by Linda Clough
A starting place for discussing the issue of contemporary music. Three Biblical principles of God-centered worship.
The use of contemporary music in worship is not a new issue of debate. Church leaders, such as Martin Luther and John Calvin, had extremely different viewpoints concerning the use of music in the church. Deciding on appropriate types of music for worship services has been an ongoing struggle. Where do we find the answer for such a controversial subject?
Although the Bible does not specifically state what types of music should be used in the church, it does give principles to guide our choice of music. Colossians 3:16-17 and Ephesians 5:17-21 are especially pertinent for the singing of “psalms and hymns and spiritual songs” in the New Testament church. These verses supply the basis for all we do as Christians, including the style of music we use.
Three Biblical Principles
Glorifying God in our music should be a priority. The music we use in church should not be based on our need for an emotional uplift, although we benefit emotionally from the music. Neither should the purpose of the music be to perform or to lift up ourselves. Worship is not about people; it is about giving God what He deserves. He is worthy of our praise, exaltation, and honor. In worshipping Him, He deserves our best. This type of worship leaves no room for mediocrity or randomness. Music that exalts man in word or style is inappropriate for worship.
Worship is not about people; it is about giving God what He deserves.
A Spirit-filled musician seeks the will of God in deciding what types of music should be used in church. Music that is guided by the Spirit will not focus on the emotions and desires of the person. This is not to say that people are not ministered to through music; however, it should not be the primary focus. If church music glorifies God and is Spirit-filled, the music will also edify and minister to the people.
Scripture also gives instruction concerning the mind and the thoughts upon which we choose to dwell. Philippians 4:8 tells us to think on things that are true, honest, just, pure, lovely, excellent, virtuous, and praise-worthy. We cannot fill our minds with doctrines and words in our music that are Biblically unsound and, at the same time, maintain a correct concept of God. We become what we sing. The words of our songs indoctrinate our minds.
Church music should glorify God, be Spirit-filled and consist of sound Biblical doctrine. These criteria will supply the basis for determining what type of music is appropriate for worship.
Where does contemporary music fall when compared to this standard? First of all, contemporary music cannot be placed in a bundle and marked right or wrong. The dictionary meaning of contemporary is “marked by characteristics of the present period: modern, current; simultaneous” (Merriam-Webster). All music has been labeled contemporary at some point; therefore, in the strictest sense of the word, we cannot conclude that contemporary music is wrong.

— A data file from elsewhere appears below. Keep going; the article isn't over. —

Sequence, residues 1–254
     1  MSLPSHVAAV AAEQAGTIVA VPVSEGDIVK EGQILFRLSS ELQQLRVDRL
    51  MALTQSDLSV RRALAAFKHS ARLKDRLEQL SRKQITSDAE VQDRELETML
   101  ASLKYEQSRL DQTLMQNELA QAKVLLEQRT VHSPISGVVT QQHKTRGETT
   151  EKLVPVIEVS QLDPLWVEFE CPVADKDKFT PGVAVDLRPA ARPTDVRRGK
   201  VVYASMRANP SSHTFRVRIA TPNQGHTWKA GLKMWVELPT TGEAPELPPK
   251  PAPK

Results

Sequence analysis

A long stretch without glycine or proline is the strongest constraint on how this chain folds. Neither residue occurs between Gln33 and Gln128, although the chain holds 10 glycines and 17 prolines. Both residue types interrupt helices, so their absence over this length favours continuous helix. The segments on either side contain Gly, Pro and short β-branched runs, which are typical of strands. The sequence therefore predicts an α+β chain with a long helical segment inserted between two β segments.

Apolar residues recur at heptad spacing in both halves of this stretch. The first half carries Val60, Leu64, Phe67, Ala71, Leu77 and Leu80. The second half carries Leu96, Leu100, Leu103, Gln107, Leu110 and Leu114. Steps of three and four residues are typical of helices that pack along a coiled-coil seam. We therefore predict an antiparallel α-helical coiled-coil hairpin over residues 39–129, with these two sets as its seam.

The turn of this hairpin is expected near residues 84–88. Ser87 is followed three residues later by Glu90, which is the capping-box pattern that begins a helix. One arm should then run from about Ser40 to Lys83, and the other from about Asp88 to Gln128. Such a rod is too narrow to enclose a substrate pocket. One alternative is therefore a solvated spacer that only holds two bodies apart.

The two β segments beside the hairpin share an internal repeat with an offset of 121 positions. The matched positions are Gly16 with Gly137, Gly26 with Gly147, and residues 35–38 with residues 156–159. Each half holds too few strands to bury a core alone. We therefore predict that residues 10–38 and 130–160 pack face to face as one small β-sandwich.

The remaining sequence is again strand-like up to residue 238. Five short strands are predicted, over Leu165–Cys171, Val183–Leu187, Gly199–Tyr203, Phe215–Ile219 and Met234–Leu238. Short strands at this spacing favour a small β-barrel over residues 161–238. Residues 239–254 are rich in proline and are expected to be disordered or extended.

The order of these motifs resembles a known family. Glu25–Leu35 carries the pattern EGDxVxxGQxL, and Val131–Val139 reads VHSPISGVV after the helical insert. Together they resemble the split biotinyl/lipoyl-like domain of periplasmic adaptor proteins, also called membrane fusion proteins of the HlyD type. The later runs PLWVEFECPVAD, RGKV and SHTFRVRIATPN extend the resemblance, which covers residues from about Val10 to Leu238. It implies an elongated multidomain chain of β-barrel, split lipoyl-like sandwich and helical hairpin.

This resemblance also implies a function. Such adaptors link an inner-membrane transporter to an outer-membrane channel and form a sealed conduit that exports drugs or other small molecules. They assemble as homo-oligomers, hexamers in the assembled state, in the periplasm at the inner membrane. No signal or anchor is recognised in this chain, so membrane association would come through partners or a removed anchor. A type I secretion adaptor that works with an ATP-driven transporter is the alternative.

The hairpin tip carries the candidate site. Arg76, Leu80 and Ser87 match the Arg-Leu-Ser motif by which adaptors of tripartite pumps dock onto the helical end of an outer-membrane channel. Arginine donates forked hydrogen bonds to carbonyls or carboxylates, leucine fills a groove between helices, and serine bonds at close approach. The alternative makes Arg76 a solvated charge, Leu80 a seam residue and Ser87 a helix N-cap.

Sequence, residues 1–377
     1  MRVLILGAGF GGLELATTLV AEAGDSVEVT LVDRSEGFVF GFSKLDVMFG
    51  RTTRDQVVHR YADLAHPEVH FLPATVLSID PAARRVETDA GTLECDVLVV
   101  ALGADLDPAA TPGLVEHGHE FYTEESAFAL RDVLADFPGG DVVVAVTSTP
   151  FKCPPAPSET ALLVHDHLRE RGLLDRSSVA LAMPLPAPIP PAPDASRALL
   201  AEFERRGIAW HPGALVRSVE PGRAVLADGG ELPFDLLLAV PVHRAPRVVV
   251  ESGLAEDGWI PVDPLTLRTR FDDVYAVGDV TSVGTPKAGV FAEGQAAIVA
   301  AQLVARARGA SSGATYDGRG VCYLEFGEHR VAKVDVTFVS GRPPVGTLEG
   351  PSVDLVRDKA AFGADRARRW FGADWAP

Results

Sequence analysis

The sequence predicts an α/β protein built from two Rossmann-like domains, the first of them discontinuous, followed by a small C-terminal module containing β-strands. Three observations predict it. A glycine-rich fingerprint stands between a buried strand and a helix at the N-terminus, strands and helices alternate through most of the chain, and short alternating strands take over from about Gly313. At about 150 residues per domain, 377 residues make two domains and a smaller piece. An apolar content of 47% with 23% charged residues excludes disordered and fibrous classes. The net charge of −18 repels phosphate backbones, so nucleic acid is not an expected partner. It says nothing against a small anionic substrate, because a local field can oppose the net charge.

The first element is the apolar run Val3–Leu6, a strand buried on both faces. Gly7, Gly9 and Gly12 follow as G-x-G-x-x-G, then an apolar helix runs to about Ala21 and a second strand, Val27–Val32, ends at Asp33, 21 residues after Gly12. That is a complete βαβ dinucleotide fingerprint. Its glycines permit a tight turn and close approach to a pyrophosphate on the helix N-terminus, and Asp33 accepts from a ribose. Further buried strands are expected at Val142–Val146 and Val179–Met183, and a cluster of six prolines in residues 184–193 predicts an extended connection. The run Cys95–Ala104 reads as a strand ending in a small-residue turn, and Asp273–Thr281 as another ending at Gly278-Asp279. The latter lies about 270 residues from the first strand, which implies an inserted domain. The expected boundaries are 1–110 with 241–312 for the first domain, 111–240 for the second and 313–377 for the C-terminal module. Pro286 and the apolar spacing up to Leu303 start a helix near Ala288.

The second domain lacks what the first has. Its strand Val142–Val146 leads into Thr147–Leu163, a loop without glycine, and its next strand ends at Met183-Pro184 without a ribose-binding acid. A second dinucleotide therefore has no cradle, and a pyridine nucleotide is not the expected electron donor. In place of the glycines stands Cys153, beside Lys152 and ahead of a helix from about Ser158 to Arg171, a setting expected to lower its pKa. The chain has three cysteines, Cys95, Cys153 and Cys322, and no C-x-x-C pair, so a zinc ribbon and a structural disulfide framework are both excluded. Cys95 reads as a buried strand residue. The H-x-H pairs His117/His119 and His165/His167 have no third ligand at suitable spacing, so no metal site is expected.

The real controversy deals with the words and music of contemporary songs and how these songs are performed. Since the words present the message of the song, they must be considered carefully. Are the words scriptural? Do they cause people to focus on God or themselves? What are the words portraying or teaching? Do they exalt God or man?
Words are only part of the picture. We must also take a look at the actual music of the song.
Many contemporary songs have excellent words which magnify God; however, the words are only part of the picture. We must also take a look at the actual music of the song. Here are a few questions we might ask about the music based on the previously cited verses.
- Does the music glorify God or man?
- How do people respond to the music — in worship or simply an emotional high?
- Are the words subdued or covered by the music that accompanies them?
- What thoughts does the music bring to mind?
- Is the congregation more interested in watching the performers rather than thinking about God and focusing on worship to Him?
- Does the music point people to Christ or just make them feel good because they have attended church?
The performance of the contemporary song is also vitally important. A song may be scriptural and contain music that complements the words, but it may be performed in a way that draws attention to the performers themselves. It must be understood that God expects our best in worship just as He required the best in sacrifice. The music of the Old Testament temple was ordained of God and extremely organized. However, man’s best was not for the purpose of exalting himself but for worshipping God. When the performance of a song exalts the performer rather than God, the song is used for the wrong reason.
The music we use in church should not be based on our need for an emotional uplift.
Contemporary music involves various aspects. None of these elements are evil in themselves, but the danger is in drawing attention to man rather than glorifying God. Although God chooses to use man to minister to others, we must remember that we are only His vessels.
Should contemporary music be used in church? Examine the music through God’s Word, allow His Spirit to guide you, give God your best, and seek to honor and glorify Him above all else.
About the Author
Linda Clough is a wife, mother, grandmother, and music instructor in Lewisburg, PA. She ministers through music at New Columbia GMC. She holds a MEd from Clark Summit University. You can connect with her on Twitter @lsclough or on LinkedIn.